Sanford Biggers, Shatter, 2015 production still. Courtesy of the artist.
On view September 9, 2016 through January 1, 2017
For his solo exhibition Subjective Cosmology, Sanford Biggers will create an immersive interactive experience throughout MOCAD, incorporating video installation, visual art objects, and new media. Imagined as an unseen world made visible, the exhibition gives physical form to hidden landscapes where the past, present, and future synergized into an atemporal experience. Subjective Cosmology can be seen as the link between his three—part film suite Shuffle, Shake, Shatter.
Shuffle, Shake, Shatter is an ambitious three-part film/video suite that explores the formation and dissolution of identity through the journey and actions of an un-named main character. With the completion of his journey, he will have also retraced the North Atlantic Slave Trade route, albeit abstractly, from Europe to the Americas and finally Africa. Throughout his journey he grapples with his identity to the point of crisis, or enlightenment, where he then transcends his notions of male and female, life and death and the corporeal versus the auratic. In Shatter, the protagonist transcends his corporeal existence, shape shifting into an auratic entity.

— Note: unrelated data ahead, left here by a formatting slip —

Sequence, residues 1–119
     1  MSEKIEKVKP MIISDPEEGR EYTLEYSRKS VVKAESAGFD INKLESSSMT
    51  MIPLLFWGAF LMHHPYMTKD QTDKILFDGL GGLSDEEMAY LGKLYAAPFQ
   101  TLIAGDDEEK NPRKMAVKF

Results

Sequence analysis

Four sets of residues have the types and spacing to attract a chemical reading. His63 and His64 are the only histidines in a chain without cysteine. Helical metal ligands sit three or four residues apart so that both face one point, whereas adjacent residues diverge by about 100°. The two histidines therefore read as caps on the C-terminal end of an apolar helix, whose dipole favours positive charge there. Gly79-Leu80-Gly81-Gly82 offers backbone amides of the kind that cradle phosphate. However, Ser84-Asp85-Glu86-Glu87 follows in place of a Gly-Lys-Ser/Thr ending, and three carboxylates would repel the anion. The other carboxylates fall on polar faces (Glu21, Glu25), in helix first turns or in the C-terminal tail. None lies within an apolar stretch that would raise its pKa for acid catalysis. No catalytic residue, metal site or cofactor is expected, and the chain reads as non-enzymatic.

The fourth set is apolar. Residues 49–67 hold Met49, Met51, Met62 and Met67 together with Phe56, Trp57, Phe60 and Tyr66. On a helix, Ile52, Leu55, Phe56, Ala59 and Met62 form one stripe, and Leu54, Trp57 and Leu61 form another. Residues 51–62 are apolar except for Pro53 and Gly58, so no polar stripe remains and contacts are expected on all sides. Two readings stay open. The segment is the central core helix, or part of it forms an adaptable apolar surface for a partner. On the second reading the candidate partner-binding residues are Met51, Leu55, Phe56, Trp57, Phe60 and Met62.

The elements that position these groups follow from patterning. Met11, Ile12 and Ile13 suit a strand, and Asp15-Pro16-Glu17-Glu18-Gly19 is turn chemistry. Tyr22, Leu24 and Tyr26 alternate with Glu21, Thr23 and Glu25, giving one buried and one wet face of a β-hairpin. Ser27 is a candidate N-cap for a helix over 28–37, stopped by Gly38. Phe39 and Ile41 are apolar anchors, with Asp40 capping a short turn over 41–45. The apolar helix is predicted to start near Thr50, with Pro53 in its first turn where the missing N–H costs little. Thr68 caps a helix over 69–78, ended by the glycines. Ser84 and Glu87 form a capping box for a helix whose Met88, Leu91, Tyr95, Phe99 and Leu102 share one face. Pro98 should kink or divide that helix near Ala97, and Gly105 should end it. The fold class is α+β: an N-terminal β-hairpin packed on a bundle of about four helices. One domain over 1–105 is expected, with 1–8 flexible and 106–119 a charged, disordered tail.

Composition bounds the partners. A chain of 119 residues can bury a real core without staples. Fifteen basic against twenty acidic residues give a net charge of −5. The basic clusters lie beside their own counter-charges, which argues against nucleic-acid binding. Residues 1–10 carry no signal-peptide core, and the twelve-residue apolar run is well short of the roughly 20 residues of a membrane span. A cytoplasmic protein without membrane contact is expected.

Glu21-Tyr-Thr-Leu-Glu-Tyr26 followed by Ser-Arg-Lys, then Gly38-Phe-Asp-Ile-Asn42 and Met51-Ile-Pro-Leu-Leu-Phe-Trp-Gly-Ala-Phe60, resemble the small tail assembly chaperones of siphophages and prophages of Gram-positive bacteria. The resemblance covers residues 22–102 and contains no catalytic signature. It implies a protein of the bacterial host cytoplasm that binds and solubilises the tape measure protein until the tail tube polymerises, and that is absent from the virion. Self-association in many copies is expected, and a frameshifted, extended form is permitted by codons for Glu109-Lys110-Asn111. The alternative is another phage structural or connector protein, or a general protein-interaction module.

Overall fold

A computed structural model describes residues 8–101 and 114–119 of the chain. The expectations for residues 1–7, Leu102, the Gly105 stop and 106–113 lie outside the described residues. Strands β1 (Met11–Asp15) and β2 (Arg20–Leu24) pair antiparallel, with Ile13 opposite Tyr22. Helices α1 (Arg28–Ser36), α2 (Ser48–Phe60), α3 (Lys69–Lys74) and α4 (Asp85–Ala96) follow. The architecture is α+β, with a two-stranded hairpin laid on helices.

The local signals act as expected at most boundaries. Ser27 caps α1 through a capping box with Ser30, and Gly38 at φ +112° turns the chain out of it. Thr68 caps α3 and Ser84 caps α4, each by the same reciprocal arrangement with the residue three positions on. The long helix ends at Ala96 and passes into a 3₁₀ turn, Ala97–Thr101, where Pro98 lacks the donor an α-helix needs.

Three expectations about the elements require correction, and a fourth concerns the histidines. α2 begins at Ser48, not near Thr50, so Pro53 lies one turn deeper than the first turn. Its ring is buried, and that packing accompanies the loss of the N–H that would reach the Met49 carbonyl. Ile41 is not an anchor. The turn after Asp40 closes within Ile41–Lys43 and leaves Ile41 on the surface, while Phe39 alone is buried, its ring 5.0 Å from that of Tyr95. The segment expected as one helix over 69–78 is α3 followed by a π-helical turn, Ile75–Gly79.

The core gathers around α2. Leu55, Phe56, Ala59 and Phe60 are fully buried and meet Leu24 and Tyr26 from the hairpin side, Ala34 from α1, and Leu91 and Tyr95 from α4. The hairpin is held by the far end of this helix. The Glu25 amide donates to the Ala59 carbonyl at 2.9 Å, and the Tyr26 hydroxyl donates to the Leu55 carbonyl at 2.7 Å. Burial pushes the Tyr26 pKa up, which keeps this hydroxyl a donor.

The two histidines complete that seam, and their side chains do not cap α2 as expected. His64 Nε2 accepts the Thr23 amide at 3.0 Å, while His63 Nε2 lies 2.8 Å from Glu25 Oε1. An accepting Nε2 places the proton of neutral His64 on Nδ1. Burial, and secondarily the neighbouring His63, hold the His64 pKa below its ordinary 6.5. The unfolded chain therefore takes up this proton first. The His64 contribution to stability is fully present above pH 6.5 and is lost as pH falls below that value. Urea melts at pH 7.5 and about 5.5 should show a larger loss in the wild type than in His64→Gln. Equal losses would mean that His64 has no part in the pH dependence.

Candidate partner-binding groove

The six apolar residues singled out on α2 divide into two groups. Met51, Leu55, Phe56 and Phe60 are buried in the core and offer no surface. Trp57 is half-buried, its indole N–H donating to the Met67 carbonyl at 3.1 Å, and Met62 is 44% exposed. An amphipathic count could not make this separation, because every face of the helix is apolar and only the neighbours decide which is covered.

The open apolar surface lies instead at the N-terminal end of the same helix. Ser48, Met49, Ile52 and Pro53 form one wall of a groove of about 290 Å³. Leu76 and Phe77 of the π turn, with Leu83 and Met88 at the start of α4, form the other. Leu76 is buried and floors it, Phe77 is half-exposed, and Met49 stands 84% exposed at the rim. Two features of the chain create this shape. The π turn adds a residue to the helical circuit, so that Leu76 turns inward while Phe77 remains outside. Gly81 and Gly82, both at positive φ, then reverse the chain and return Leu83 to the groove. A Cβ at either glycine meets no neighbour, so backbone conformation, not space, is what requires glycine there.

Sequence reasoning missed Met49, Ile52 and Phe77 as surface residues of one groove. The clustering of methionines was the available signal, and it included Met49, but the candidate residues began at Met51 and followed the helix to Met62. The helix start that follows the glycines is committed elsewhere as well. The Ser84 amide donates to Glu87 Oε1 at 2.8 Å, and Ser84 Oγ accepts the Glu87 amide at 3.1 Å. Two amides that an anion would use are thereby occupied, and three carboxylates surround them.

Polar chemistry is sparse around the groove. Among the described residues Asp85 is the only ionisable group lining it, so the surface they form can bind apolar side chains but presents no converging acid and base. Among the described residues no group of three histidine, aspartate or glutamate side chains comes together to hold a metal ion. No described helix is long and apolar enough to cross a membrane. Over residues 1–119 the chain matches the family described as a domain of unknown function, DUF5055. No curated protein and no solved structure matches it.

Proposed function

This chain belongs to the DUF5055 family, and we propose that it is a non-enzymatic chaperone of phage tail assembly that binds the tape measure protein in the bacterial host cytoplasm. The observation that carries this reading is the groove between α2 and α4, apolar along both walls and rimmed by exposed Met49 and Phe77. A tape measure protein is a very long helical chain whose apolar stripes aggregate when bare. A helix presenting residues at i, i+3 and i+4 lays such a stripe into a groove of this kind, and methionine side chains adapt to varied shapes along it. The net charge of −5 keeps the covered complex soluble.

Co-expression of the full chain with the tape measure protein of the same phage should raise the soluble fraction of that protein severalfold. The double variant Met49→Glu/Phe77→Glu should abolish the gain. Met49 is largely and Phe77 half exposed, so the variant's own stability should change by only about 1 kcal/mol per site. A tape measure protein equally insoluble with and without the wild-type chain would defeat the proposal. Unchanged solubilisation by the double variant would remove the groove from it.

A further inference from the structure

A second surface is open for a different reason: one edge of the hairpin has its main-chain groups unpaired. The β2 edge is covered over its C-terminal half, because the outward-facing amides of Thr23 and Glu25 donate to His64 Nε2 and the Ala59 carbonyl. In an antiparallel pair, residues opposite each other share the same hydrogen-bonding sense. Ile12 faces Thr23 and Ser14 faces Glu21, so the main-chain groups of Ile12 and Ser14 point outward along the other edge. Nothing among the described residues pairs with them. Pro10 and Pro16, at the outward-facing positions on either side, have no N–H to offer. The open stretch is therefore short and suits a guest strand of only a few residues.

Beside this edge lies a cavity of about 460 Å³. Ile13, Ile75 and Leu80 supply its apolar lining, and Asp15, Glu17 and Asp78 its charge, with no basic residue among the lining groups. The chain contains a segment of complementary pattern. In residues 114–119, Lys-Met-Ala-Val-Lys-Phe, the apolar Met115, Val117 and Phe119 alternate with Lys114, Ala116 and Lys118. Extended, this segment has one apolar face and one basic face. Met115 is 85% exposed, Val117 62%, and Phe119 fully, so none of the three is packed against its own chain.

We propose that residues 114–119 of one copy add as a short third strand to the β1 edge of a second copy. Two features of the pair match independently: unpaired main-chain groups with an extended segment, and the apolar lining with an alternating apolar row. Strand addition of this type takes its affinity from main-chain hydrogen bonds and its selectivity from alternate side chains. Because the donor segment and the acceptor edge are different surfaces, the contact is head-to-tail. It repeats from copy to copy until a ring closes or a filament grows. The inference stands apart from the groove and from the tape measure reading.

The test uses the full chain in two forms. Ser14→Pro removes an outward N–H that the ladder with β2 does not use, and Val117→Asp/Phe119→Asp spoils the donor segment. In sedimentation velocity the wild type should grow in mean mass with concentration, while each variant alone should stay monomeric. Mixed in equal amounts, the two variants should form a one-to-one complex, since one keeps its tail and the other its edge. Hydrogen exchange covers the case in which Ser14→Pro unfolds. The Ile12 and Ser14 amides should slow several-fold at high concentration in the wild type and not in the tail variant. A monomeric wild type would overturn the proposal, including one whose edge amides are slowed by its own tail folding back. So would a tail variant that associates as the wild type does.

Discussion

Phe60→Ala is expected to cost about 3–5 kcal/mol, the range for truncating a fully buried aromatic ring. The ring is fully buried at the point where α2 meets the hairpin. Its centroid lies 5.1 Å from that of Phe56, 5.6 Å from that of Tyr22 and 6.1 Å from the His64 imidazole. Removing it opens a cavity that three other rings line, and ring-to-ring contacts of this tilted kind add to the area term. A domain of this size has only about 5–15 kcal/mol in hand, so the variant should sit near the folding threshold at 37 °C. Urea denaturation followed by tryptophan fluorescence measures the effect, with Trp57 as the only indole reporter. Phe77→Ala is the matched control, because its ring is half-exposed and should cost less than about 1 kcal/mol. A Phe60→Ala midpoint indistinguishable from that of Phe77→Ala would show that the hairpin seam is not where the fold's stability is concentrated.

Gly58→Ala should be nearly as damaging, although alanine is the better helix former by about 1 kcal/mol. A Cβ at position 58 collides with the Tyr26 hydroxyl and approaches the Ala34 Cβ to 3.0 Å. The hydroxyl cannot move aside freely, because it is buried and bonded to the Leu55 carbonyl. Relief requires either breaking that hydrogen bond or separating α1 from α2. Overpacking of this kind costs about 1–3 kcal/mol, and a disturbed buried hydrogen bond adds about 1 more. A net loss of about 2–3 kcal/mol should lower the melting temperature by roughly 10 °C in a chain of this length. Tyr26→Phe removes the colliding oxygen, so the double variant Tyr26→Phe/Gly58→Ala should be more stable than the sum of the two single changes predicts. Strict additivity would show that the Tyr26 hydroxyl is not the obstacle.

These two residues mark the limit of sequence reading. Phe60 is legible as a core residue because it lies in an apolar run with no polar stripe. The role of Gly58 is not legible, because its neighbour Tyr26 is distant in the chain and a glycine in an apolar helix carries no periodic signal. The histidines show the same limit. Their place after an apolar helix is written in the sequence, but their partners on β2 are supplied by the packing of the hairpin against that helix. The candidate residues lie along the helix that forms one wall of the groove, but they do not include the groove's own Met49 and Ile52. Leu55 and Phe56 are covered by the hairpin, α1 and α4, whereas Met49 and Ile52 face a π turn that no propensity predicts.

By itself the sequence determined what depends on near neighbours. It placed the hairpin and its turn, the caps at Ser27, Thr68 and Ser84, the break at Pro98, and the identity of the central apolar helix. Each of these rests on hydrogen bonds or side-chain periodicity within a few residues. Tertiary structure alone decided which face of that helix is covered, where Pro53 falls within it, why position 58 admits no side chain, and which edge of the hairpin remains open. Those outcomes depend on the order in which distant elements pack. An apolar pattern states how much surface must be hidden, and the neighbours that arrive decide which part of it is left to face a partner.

The installation will provide the backdrop for an exclusive new Moon Medicin performance. Moon Medicin is a multimedia concept band performing original compositions interspersed with re-imagined covers. The collective performs against a backdrop of curated sound effects and images of sci-fi, punk, sacred geometry, coded symbology, film noir, minstrels, world politics, and ceremonial dance. For this iteration of Moon Medicin, Biggers, the creative director, will collaborate with a rotating cast of musicians, designers, and performance artists based in Detroit.
Laocoön, is a rendition of a previously exhibited figurative work. For his exhibition at MOCAD, Biggers created a site specific Laocoön measuring 30 feet in-length, the largest version the artist has created. Occupying over a quarter of the gallery space, the work is named after a famous Roman sculpture, Laocoön and His Sons, depicting a priest struck down by the gods Athena as he warned the Greeks about the Trojan horse. Biggers created the work in reaction to recent events, including the killing of unarmed black civilians by the police and the allegations of sexual assault leveled against Bill Cosby. The piece uses the Fat Albert figure to allude to these victims of police violence while also representing the loss of faith in authority and the father figure. Bill Cosby created Fat Albert and the Cosby Kids in the 1970’s as a vehicle to explore the problems affecting primarily African-American and urban youth, and offer advice on how to avoid the pitfalls specific to their environment.